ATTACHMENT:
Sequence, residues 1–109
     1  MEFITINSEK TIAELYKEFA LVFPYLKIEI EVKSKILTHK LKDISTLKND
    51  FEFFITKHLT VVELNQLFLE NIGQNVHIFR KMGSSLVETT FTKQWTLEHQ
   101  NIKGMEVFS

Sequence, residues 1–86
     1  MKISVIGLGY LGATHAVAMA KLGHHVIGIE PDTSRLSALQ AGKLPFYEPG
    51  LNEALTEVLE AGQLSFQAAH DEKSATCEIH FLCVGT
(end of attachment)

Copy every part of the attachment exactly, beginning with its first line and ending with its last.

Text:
Sequence, residues 1–109
     1  MEFITINSEK TIAELYKEFA LVFPYLKIEI EVKSKILTHK LKDISTLKND
    51  FEFFITKHLT VVELNQLFLE NIGQNVHIFR KMGSSLVETT FTKQWTLEHQ
   101  NIKGMEVFS

Sequence, residues 1–86
     1  MKISVIGLGY LGATHAVAMA KLGHHVIGIE PDTSRLSALQ AGKLPFYEPG
    51  LNEALTEVLE AGQLSFQAAH DEKSATCEIH FLCVGT